polo sports shirts Wilson swinging for a slice of Nike golf equipment business
When Nike announced plans to exit the golf equipment business last month, Wilson Sporting Goods saw a chance to line up a shot to the green.
“The Nexit, as we call it, is a huge opportunity for us,” said Wilson Golf President Tim Clarke. “It’s full steam ahead.”
Nike’s decision to focus on golf shoes and apparel came months after Adidas said it wanted to do the same and also sell its golf equipment brands, including TaylorMade. Wilson, however, is as committed as ever to sales of irons, drivers and balls.
That might come as a surprise to golfers who know Chicago based Wilson as the brand that went from industry leader through the mid 1980s to losses and a reputation for bargain box sets. market for golf balls and the club it was best known for, irons.
The company has been mounting a decadelong turnaround push, reinvesting in research and development, much of which happens at the Schiller Park facility where Wilson tests and develops new products near its Chicago corporate headquarters. Wilson has been shifting focus from entry level to premium products, even developing an upcoming reality show where contestants compete to design a new Wilson driver that will be on store shelves in time for Black Friday.
Clarke said the effort is paying off, if slowly. have grown 11 percent each of the last six years. market share in irons has risen to roughly 3 percent and roughly 5 percent for golf balls, he said.
“In a business that has had some nicks in the last five years, slow and steady is winning the race, I’d say,” Clarke said.
But the company is still a small player in a market where competitors are scrapping over share of a pie that hasn’t been getting any bigger, trying to win back golfers despite a brand some still associate with big box sporting goods chains.
“Although we want to support Chicago, it comes down to what our customers want,” he said.
According to Clarke, trouble started under former parent company PepsiCo in the 1970s, when Wilson managers lacked sports backgrounds. After a sale to a private equity group in 1985, it wound up at Amer Sports, the Finnish parent company of sports brands such as Salomon, Atomic Skis and Arc’teryx, in 1989.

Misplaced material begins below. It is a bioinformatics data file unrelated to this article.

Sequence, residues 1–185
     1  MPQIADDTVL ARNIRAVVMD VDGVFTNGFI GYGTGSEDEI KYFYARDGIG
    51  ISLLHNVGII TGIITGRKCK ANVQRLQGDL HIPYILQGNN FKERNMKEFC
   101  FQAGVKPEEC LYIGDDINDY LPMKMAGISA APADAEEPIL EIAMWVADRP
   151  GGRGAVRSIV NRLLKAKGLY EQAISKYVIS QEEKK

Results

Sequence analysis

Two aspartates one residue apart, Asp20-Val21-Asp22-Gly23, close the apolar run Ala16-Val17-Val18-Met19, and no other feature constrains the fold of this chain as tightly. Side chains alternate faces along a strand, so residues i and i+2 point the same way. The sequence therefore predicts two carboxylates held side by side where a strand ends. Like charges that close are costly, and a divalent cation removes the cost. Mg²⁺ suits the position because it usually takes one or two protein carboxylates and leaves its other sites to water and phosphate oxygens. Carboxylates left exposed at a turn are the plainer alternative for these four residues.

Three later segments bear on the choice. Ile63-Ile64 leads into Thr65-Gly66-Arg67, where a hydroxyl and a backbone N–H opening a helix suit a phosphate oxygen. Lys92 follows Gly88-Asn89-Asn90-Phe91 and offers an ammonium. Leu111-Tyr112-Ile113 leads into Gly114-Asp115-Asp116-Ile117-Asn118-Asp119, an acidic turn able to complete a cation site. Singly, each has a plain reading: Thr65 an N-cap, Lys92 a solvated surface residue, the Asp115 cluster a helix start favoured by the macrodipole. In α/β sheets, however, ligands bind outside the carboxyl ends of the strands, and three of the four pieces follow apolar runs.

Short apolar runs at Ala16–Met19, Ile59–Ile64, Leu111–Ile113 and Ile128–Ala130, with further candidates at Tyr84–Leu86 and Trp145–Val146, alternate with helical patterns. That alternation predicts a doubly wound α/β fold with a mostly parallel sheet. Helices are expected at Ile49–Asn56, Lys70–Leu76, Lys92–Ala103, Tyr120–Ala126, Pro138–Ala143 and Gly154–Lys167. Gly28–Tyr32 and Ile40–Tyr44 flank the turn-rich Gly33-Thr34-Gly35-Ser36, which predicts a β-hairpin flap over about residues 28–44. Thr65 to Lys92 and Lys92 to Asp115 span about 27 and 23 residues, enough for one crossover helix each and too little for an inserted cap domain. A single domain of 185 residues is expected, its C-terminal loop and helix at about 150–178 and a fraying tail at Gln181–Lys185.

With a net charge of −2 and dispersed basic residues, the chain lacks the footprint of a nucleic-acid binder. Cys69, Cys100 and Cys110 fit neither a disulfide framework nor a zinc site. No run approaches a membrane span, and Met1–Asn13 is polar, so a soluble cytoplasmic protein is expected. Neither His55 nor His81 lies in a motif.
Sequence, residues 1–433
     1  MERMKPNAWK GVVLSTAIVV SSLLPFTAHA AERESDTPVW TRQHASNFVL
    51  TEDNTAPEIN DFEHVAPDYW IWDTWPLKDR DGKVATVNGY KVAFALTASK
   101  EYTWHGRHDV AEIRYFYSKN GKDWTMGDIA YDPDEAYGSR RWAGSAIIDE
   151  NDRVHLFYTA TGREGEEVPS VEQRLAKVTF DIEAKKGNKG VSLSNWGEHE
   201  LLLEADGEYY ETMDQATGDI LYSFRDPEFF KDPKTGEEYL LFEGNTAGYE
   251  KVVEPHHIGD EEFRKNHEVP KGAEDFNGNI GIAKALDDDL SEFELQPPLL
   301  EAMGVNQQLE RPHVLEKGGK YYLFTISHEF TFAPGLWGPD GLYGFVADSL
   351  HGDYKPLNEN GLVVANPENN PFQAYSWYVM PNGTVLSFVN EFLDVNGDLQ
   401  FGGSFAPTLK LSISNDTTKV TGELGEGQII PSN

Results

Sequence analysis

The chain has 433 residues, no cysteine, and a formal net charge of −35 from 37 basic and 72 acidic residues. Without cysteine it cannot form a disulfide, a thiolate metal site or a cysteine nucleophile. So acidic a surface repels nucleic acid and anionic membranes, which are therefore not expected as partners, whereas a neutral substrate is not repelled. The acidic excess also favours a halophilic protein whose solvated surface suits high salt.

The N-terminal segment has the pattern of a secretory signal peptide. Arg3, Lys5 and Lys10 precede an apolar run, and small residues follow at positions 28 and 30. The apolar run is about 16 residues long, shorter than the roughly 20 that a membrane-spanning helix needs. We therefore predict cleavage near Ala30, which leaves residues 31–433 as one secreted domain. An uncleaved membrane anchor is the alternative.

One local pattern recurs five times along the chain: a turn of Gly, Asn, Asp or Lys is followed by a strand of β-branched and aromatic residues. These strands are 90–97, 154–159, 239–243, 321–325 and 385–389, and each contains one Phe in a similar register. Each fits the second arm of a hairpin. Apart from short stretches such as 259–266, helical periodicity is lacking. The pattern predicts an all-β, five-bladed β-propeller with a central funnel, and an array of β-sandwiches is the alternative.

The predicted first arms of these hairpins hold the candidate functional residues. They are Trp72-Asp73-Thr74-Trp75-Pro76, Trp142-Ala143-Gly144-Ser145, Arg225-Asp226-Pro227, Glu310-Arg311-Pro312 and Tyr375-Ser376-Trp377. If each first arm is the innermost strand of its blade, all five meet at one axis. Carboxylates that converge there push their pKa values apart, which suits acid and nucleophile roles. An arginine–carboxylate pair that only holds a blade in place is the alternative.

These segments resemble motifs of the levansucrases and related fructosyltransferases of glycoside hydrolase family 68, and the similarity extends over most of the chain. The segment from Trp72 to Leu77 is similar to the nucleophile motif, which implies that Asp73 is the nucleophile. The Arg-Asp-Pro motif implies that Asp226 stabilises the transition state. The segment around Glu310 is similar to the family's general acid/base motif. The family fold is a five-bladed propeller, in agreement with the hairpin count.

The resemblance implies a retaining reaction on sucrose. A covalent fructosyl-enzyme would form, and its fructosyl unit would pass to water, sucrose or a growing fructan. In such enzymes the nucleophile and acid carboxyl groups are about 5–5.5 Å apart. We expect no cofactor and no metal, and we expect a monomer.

“The mentality came in that volume is king,” he said. But it took focus away from equipment for more serious players and hurt the brand’s image. In the early 2000s, the golf division alternated between years of profits and losses as it ran through six general managers in the decade leading up to 2006, when Clarke took the job. Net sales fell by about half between 2001 and 2006,
according to Amer’s annual reports.
“Market share was basically nonexistent, and we were pretty well out of the pro business at that point,” he said.
Wilson cut back on costs everywhere except research and development and started introducing products every two years about half as often as it had been to avoid discounting, Clarke said. Sales, also affected by the recession, kept falling, but the priority was getting back to profitability, he said.
The one PGA Tour player Wilson still sponsored, Padraig Harrington, won a trio of championships in 2007 and 2008 and gave the brand a boost, Clarke said.
Sales of softer, low compression Duo golf balls provided another. Wilson also split clubs into three categories aimed at three levels of players, but all at the premium end of the business, and began trying to shift sales upmarket.
You might not think a basketball has changed much over the years. Kevin Krysiak, 37, Wilson Sporting Goods’ global director of innovation for team sports, would beg to differ. The rest comes from equipment sold in sporting goods stores or mass market retailers. Wilson will always have entry level equipment in sporting goods stores but cut cheap versions that were hurting the brand, said Clarke. golf brands, while ranking fourth in Europe. His goal is to crack the top three and be the biggest division within Wilson Sporting Goods.
That would be easier if the golf equipment market was growing.
Golf equipment retail sales were $3.7 billion in 2015, up from $3.4 billion the year before but flat with 2013, according to the National Sporting Goods Association. participation numbers are down from a pre recession high of around 30 million to 24.1 million people who went golfing at least once last year, 19.5 million of whom were committed golfers, according to the National Golf Foundation.
Tom Stine, partner at industry research firm Golf Datatech, said the decline isn’t cause for alarm, but a return to a participation figure that’s held steady around 25 million for years except for a spike around an increase in the number of courses built tied to the housing boom.
Others question whether a complicated, expensive and slow moving game will ever catch on with a new generation of players.
“There are just so many points of the game that don’t mesh up with how millennials recreate,” said NPD Group sports industry analyst Matt Powell.
Nike is getting out of the golf equipment business, a surprising announcement Wednesday that is sure to send Tiger Woods, Rory McIlroy and other players searching for new clubs and golf balls next season.